Ink wash painting, also known as in Chinese shui-mo hua (水墨畫), in Japanese sumi-e (墨絵), in Korean sumukhwa (수묵화), and in Vietnamese tranh thuỷ mặc (幀水墨).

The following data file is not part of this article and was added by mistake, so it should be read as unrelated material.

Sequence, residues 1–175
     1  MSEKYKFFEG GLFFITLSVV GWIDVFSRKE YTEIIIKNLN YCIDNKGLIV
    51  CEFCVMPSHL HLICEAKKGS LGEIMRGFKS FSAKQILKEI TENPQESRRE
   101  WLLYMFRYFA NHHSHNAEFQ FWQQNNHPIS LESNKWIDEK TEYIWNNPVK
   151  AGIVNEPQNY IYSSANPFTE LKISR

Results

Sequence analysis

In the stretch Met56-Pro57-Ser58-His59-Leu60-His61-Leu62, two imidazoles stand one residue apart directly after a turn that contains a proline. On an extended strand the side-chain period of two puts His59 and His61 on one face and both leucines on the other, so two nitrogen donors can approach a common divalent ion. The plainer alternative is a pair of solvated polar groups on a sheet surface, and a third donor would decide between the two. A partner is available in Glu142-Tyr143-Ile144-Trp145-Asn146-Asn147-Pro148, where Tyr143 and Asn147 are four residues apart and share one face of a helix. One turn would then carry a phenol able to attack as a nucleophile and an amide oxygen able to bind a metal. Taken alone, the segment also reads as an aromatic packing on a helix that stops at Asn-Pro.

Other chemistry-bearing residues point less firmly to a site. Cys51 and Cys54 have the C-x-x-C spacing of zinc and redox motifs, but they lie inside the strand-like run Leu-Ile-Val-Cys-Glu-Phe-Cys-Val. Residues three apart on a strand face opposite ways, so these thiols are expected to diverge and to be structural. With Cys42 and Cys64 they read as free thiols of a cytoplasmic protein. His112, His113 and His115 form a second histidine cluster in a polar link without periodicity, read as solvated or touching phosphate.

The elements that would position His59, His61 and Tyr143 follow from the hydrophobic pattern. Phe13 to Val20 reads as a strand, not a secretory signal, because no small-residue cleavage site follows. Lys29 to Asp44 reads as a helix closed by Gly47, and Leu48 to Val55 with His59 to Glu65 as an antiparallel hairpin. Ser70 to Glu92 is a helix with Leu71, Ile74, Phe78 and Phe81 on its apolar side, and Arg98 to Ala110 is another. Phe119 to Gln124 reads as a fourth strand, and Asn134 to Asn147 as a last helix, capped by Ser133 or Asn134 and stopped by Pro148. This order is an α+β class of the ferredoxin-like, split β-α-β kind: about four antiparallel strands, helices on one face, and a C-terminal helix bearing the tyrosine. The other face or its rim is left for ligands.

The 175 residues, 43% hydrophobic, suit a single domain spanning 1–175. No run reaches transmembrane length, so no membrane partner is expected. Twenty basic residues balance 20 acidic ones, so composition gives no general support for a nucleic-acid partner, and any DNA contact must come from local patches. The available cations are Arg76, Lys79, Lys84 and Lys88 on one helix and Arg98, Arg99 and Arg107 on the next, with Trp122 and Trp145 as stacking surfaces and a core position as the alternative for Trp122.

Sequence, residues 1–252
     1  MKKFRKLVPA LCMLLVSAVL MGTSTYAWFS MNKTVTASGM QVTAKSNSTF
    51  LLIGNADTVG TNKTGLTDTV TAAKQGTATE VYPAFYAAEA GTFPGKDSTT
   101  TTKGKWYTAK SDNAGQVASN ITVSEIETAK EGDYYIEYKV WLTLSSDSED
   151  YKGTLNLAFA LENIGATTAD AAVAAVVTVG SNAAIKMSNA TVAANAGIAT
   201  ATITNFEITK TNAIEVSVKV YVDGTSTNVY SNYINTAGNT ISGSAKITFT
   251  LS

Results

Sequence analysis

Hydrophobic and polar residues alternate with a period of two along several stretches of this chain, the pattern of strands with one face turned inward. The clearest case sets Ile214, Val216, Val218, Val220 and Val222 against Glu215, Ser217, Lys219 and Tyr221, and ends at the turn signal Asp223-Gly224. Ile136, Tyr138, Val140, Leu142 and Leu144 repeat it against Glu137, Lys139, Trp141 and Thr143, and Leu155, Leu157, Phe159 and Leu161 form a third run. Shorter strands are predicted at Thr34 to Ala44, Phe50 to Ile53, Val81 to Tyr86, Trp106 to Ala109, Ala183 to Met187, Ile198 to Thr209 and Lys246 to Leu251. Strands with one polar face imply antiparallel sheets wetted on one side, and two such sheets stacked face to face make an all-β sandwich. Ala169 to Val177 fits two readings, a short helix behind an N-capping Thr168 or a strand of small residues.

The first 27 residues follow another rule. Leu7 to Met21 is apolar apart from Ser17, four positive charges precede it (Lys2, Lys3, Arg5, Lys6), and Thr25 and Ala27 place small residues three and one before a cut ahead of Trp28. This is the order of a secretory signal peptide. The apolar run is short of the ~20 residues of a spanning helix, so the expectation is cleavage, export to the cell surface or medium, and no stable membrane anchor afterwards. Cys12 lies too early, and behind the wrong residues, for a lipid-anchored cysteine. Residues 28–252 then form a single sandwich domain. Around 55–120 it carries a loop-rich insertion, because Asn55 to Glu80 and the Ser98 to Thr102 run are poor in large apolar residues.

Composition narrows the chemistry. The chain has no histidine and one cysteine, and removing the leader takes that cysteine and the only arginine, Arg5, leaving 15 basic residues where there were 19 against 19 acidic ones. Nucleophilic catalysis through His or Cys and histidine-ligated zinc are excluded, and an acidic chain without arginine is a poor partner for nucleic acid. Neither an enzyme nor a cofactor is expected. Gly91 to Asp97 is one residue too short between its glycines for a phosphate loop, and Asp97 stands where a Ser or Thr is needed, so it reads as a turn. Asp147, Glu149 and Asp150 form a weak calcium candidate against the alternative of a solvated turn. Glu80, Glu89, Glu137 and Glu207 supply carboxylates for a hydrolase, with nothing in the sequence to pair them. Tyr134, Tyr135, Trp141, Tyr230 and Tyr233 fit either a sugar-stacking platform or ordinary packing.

Ink wash painting uses tonality and shading achieved by varying the ink density, both by differential grinding of the ink stick in water and by varying the ink load and pressure within a single brushstroke. Ink wash painting artists spend years practicing basic brush strokes to refine their brush movement and ink flow. In the hand of a master, a single stroke can produce astonishing variations in tonality, from deep black to silvery gray. Thus, in its original context, shading means more than just dark-light arrangement, it is the basis for the beautiful nuance in tonality found in East Asian ink wash painting and brush-and-ink calligraphy.